Namibia’s First School of Pharmacy: From Creation to Graduation
On April 24, 2015, the first class of students graduated from the B.Pharm program at the University of Namibia (UNAM)–the first and only pharmacy degree program in the country. With the help of the USAID-funded SIAPS program, the Namibian Ministry of Health and Human Services was able to conceive, establish, and encourage enrollment in the B.Pharm degree. The graduation of the country’s first locally educated pharmacists constitutes a major step forward in alleviating the country’s dire shortage of pharmacy staff and helping to meet the health care needs of the largely underserved Namibian population.
In 2003, the HIV/AIDS epidemic in Namibia peaked at a prevalence rate of 17%. Lowering the infection rate and expanding access to treatment for people living with HIV required a rapid nationwide scale-up of pharmaceutical services and delivery systems. Coupled with the country’s vastness and sparse population, efforts to expand availability of antiretroviral medicines (ARVs) placed added stress on an already overburdened workforce and health care system.
A key impediment to the scale-up of pharmaceutical services in Namibia was the shortage of skilled pharmaceutical personnel. Guided by the USAID-funded Rational Pharmaceutical Management Plus (RPM Plus) Program’s 2003 assessment of Namibia’s public pharmaceutical sector, the Ministry of Health and Social Services (MoHSS) realized that the scale-up of pharmaceutical services needed to be matched with adequately trained human resources. The long-term sustainability of pharmaceutical provision in Namibia required developing the capacity of local institutions to train pharmacists and pharmacist assistants.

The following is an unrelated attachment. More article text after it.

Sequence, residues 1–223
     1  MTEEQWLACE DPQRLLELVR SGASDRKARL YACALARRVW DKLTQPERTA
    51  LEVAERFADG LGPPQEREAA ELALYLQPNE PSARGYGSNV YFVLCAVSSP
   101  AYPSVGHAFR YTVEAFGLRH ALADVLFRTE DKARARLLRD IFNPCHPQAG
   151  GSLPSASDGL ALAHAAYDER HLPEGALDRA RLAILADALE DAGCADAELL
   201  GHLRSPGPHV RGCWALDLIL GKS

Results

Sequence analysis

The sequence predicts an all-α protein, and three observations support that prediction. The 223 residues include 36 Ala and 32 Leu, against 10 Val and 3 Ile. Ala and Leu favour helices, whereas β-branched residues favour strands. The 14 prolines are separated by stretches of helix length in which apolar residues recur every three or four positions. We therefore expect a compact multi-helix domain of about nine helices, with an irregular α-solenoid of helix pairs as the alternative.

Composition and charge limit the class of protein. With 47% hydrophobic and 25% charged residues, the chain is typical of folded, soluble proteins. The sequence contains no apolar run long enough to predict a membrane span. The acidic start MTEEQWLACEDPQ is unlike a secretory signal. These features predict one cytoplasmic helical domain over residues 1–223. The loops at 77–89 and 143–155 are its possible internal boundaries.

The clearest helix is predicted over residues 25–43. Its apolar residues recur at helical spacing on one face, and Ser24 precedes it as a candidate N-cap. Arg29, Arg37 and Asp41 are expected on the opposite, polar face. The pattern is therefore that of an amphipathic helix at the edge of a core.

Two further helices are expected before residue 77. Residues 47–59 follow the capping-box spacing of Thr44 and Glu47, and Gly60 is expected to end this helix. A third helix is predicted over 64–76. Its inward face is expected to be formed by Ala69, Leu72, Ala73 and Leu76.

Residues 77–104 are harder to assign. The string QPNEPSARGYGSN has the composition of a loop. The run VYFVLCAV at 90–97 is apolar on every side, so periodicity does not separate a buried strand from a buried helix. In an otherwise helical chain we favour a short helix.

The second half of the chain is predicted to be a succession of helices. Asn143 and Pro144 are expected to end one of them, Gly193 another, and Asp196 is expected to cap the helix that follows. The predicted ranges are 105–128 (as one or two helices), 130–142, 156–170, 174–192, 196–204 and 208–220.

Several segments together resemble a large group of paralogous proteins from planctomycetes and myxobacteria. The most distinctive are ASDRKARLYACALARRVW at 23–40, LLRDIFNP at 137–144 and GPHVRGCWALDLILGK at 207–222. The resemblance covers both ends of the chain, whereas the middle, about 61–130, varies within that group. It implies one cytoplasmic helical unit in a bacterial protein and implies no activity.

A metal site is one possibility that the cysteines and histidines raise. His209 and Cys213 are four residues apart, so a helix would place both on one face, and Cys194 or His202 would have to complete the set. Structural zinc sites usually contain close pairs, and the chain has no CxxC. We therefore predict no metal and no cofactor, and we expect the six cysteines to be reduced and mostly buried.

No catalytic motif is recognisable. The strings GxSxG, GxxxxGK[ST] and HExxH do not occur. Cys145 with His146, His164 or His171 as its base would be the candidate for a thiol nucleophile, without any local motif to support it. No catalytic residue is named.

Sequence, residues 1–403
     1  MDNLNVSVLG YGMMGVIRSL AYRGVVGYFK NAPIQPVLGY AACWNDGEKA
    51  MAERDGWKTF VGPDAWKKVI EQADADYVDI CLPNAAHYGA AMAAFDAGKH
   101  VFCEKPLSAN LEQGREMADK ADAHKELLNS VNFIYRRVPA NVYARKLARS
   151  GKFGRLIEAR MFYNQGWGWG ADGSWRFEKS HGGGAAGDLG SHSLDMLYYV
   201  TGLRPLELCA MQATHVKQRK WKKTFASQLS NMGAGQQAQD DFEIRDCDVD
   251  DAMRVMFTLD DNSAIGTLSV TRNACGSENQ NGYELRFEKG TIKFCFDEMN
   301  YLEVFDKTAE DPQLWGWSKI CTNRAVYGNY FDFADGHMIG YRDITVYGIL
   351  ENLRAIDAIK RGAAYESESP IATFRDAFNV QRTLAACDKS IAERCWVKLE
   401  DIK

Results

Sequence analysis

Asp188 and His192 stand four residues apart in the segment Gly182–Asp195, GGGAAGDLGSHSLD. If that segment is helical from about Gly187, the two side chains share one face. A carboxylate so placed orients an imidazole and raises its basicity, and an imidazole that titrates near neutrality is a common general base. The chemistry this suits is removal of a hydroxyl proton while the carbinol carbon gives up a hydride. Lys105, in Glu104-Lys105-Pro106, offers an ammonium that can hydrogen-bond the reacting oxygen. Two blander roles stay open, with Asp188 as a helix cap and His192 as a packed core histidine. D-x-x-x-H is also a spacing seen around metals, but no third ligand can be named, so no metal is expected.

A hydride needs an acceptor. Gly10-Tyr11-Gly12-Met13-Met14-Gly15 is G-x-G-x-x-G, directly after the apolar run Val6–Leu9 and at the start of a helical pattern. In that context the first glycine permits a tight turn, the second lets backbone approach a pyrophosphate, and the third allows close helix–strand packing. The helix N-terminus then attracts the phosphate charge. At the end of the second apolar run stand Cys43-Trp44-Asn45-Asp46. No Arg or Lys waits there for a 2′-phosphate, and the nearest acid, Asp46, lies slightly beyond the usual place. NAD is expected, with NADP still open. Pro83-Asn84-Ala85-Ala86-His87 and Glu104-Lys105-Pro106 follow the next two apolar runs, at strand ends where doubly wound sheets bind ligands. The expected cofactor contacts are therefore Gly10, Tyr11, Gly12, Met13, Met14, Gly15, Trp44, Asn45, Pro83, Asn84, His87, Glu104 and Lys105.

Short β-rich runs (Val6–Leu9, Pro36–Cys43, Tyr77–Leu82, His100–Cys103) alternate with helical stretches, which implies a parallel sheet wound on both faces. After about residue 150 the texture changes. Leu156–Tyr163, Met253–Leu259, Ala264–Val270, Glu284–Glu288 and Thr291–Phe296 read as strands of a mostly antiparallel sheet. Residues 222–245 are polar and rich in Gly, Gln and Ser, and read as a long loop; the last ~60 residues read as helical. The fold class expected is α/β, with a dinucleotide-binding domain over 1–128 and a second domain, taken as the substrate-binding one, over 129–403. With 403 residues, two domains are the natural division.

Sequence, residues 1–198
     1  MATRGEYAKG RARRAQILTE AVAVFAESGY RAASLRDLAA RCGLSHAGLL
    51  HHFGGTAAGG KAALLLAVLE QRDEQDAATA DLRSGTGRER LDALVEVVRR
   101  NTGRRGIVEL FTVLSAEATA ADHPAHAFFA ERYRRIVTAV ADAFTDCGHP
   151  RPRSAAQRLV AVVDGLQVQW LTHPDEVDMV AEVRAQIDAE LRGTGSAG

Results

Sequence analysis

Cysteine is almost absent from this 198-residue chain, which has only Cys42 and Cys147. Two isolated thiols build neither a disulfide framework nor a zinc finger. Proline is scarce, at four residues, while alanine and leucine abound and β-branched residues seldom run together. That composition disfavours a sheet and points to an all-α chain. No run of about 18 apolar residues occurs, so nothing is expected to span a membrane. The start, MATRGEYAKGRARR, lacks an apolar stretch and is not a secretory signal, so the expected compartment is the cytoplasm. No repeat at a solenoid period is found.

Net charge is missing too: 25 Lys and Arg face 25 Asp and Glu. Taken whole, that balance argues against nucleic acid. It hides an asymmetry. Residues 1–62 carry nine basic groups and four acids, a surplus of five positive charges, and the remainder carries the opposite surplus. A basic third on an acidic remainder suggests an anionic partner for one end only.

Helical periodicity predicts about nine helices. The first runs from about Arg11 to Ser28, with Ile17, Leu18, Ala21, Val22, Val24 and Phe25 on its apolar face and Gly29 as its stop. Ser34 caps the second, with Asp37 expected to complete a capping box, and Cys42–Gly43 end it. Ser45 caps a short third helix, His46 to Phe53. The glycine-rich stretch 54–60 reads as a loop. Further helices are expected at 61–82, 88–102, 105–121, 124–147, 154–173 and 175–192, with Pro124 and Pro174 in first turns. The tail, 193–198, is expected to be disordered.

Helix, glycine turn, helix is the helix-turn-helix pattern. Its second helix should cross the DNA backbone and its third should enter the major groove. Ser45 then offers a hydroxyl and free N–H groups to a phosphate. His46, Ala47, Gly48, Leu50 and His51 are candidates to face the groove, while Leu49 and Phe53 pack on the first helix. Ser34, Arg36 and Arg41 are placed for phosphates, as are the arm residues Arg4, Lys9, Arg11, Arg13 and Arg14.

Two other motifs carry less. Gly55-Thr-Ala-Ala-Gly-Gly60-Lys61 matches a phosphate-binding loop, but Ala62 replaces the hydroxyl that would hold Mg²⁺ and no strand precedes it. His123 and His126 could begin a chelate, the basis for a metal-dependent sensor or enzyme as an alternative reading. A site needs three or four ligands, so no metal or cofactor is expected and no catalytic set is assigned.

A shortage of trained Namibian pharmacists
According to The World Health Report 2006, 288 pharmacists were registered in Namibia in 2004, translating to a density of just 14 pharmacists per 100,000 people. This immense gap in human resources was attributed to high vacancy rates, as well as limited pharmaceutical posts in the public sector, rapid workforce turnover and a reliance on foreign pharmacists. There was a severe deficiency in the availability of qualified and experienced Namibians holding pharmaceutical posts. Of the 48 established posts for pharmacists within the MoHSS, Namibians staffed only five of the 31 filled positions. Overall, foreigners on two- to three-year contracts held almost 90% of the filled pharmacist positions nationwide.
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